It is rare that persons entering the States illegally are convicted in a criminal court. Mainly those who have previous convictions or who have been deported are put in holding cells located at the Vermont headquarters, and are tried in front of an immigration judge.

Fast times in Newport

Although patrolling the Canadian/American border may not seem like the world's most fast-paced job, Hewson said that it can be dangerous as officers patrol the border area alone.

"That's why we have back-up and strong connections to the State police and the customs officers."

Hewson recounts a story where one border patrol officer was severely injured in a shoot-out while helping out the Vermont State police. He also said that six officers were killed "in the line of duty" on the southern border.

Despite the danger, however, in his 15 years with the force, Hewson said that he has enjoyed his time.

"I've met a lot of people, it can be dangerous but it has its ups and downs like every job. It's interesting," he stated. "I get nervous too at night when it's dark out but that's when I have to count on my training. It's hard to generalize, and I don't want to make them sound docile, but most of the people we deal with are cooperative."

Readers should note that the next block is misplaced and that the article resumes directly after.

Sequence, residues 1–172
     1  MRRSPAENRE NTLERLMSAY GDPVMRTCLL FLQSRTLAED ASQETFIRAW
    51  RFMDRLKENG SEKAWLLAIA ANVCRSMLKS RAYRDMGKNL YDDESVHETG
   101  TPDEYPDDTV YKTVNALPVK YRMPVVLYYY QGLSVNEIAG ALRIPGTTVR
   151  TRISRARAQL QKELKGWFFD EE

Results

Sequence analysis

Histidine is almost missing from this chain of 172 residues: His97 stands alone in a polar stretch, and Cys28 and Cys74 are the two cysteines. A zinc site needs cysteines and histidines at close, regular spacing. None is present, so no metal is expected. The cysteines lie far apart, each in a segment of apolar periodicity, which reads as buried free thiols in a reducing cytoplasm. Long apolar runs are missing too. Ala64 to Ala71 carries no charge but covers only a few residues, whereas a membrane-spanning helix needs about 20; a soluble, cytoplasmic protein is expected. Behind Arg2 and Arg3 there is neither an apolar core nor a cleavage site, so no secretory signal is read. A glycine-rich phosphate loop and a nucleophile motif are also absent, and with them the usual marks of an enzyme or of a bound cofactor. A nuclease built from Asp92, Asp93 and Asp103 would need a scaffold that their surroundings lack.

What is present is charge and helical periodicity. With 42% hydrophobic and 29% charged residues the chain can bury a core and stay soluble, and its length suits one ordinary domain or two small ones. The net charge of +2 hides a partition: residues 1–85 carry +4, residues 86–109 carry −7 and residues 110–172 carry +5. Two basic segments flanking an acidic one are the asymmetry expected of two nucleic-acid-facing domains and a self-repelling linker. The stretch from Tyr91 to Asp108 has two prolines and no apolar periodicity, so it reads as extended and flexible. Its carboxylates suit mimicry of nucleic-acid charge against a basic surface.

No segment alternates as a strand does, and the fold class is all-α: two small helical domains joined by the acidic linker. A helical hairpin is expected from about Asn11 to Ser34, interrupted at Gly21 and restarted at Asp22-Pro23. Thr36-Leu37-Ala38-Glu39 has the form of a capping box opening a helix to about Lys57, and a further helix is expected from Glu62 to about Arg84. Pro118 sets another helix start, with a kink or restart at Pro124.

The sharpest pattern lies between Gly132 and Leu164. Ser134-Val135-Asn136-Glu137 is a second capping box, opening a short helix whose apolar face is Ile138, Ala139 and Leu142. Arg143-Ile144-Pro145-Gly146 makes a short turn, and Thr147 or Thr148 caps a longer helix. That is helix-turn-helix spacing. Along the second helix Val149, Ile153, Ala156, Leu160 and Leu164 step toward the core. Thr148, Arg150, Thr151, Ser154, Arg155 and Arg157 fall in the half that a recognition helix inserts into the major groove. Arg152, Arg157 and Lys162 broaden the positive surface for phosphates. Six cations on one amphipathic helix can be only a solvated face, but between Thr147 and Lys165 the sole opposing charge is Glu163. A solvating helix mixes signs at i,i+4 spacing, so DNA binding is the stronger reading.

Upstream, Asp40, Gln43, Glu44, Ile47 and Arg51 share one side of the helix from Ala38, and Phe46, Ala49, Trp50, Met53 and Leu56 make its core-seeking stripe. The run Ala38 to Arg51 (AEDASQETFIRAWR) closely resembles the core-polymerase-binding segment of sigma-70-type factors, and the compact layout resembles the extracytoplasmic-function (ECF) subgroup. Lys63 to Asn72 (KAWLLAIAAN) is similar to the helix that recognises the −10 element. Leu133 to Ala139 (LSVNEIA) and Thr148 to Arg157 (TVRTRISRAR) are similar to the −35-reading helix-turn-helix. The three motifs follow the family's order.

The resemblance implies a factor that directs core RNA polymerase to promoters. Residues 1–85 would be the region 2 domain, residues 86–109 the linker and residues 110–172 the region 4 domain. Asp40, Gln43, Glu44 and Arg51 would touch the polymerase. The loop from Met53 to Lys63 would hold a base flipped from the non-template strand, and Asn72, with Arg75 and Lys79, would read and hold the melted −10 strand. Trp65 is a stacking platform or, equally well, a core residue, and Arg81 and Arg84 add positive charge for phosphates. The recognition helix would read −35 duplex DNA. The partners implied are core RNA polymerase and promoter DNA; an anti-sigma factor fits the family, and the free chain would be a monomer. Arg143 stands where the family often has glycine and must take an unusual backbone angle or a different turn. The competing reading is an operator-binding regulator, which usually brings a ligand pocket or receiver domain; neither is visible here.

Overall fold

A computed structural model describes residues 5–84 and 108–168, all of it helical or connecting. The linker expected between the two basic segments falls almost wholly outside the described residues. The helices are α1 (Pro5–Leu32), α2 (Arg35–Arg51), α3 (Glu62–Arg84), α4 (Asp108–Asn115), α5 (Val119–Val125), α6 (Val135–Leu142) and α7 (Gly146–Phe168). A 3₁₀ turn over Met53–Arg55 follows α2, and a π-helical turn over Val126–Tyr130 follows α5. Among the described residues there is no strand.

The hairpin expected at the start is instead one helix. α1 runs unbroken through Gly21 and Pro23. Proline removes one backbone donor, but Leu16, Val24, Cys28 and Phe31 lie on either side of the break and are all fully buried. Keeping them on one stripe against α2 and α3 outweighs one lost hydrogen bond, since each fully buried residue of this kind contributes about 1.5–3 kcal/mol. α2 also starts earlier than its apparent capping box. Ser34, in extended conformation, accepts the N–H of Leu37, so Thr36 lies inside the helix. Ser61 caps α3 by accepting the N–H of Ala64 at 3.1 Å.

Except for the Russians

Although Hewson had to call for back-up when dealing with a group of Eastern Europeans attempting to enter the States from Canada, the Mafia men eventually surrendered to the border police. An isolated event, Hewson explained, most days are much quieter.

The day before the Journal's ride-along, however, the Border Patrol only had three separate cases of illegal entry, all of which were administrative. On average, the Vermont border patrol apprehend approximately 300 different cases - many of which are administrative in nature.

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posted 10/27/99